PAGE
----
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    The quilt I just finished on my DM has Isacord poly, Sulky rayon, C & C poly covered cotton, and Guterman poly in its FMQ. All worked fine and I'm sure will continue to do so. I was more concerned over color than content. When piecing, I use any of the Guterman poly in the bobbin to save space and either that or some of my stash of C & C for the top. Some Connecting Threads cotton, too, but it's a little linty. I've heard the new C & C poly covered poly isn't as good as the old - it stretches, but I haven't tried any yet. If the thread tests strong, I don't worry about it.

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    Super Member crafty pat's Avatar
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    I use both and have been pleased with both, but my machine stays cleaner and runs smoother with poly.

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    Super Member jgriinke's Avatar
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    I love that on the Superior site about why the whole family does something with the roast. Too funny. Take a minute and go read it.
    That's about the same as not ever touching the bobbin tension. We are creatures of habit.
    I use it all to quilt with and haven't had any quilts ripping apart. Sometimes, I really like the look of the noncotton thread on a quilt. Give it a try, or not, it's all up to you.

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    Quote Originally Posted by jcrow View Post
    I was at a quilt shop a few weeks ago and the girl there said I should use polyester thread to quilt. Well, I only have used cotton since my fabric is all cotton. But I bought a lot of polyester thread because I thought she knew better (working in a quilt shop) and now another gal told me NOT to use polyester thread, that it would rip my cotton fabric. I have all this beautiful polyester thread and I don't know if I should use it or not. Any suggestions?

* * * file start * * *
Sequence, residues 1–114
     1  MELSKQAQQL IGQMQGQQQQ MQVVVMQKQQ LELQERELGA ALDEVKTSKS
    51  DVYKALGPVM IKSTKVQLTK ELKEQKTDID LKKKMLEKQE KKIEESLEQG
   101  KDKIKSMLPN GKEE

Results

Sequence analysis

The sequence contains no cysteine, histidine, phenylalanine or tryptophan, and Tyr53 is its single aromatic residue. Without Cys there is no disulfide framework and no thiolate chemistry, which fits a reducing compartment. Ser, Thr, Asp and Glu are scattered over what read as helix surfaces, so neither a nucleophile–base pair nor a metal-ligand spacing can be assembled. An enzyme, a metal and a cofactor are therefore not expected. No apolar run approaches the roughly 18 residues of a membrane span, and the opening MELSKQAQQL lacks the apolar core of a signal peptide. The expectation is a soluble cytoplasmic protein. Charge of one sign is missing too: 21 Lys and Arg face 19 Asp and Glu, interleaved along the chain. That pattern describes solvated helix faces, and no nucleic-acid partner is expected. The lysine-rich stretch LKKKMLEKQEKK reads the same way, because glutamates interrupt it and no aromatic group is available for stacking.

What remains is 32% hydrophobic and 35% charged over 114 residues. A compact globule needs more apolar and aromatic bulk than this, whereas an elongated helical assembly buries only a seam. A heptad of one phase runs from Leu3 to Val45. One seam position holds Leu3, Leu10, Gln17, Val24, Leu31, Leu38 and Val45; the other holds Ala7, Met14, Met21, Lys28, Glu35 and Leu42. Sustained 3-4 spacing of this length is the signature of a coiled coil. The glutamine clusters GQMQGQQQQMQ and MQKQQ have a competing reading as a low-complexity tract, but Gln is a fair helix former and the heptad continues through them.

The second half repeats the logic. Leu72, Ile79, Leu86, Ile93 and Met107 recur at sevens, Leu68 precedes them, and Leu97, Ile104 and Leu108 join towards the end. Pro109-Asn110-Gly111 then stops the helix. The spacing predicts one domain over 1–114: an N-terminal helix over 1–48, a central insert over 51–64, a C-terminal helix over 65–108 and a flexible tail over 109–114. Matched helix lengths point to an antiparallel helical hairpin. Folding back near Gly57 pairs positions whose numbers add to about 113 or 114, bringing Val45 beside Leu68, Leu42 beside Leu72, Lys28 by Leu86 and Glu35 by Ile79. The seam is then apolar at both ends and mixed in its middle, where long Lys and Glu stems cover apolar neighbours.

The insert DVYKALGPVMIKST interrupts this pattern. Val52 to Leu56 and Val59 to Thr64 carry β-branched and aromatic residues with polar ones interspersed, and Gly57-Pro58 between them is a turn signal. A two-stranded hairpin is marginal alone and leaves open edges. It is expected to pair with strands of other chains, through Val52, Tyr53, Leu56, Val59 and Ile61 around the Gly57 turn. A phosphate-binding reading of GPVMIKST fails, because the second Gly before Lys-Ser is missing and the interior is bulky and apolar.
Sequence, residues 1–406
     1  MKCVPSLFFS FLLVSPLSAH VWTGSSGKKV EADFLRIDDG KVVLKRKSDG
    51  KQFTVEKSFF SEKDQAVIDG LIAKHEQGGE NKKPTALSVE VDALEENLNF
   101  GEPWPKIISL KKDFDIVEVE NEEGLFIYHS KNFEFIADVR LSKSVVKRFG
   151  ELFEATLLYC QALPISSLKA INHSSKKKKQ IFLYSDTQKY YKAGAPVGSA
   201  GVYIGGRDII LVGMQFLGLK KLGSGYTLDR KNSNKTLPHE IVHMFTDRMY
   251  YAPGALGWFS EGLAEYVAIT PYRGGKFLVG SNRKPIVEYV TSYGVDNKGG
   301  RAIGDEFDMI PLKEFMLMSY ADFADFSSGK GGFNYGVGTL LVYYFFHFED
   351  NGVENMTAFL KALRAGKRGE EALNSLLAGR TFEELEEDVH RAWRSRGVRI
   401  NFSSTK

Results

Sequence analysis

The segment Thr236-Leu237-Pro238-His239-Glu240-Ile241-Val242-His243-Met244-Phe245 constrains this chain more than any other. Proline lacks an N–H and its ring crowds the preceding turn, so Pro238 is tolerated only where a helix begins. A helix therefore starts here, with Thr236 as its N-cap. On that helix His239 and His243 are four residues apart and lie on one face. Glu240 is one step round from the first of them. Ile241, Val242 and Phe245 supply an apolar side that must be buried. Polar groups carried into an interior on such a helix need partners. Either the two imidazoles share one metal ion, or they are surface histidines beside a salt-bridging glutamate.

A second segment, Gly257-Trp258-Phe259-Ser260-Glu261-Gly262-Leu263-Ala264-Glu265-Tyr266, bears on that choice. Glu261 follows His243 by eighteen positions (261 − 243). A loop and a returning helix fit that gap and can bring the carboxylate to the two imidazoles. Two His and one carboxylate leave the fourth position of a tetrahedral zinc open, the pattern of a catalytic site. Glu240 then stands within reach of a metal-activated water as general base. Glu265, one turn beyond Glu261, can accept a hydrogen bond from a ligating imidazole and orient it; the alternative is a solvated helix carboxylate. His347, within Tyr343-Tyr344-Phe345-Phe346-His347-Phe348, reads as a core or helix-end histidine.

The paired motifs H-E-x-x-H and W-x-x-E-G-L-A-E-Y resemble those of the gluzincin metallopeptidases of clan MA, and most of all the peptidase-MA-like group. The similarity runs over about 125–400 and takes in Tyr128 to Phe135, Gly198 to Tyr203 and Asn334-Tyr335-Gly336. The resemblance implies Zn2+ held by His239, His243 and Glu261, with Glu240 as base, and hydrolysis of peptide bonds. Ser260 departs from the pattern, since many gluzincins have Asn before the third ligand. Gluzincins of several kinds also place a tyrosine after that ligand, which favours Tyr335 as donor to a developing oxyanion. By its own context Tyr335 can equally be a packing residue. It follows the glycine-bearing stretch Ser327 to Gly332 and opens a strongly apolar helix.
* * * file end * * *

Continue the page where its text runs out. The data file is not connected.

this is one of those 'cotton company myths'....they say that the poly thread will outlast the cotton fabric, so what? if the cotton fabric is gone, your quilt is gone, they say you should use the same...cotton fabric means cotton thread....why? give me a good reason...matchy matchy is not a sufficient reason. Poly will melt when ironed...really? I've been using poly thread and fabric for 30 years and have never melted anything since the ugly doubleknit floral fabric left our world...and that was probably some sort of freudian slip to get rid of it.... never had any poly thread melt...most of it is cotton covered and it's pretty tough...i press every seam from both sides and never had a problem. These choices, like the color, fabric type, color combinations sizes we make, who we give to and who we don't...are all personal...and all right....if you like cotton thread....great! I'm happy to quilt in cotton for you if you choose....if you like only poly....super! no problem...will quilt in poly....but for my sewing, i look at the color....the color is important to me in terms of how it blends with the fabrics around it, either camoflaging and disappearing, or it contrasts perfectly, setting off whatever i'm trying to show off on the quilt top. the content is simply not important to me and i suspect not important to lots of people. you will have to choose for yourself after reading all the various reasons other people made their choice and then adding your own experiences to this information. good luck... i know you will reach the right decision for you..........

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    Super Member Tink's Mom's Avatar
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    I use both. Last night, I was using a cotton to free motion quilt my Dad's throw...but when I'm doing Downey's Quilt's for Kids, I usually will use the poly.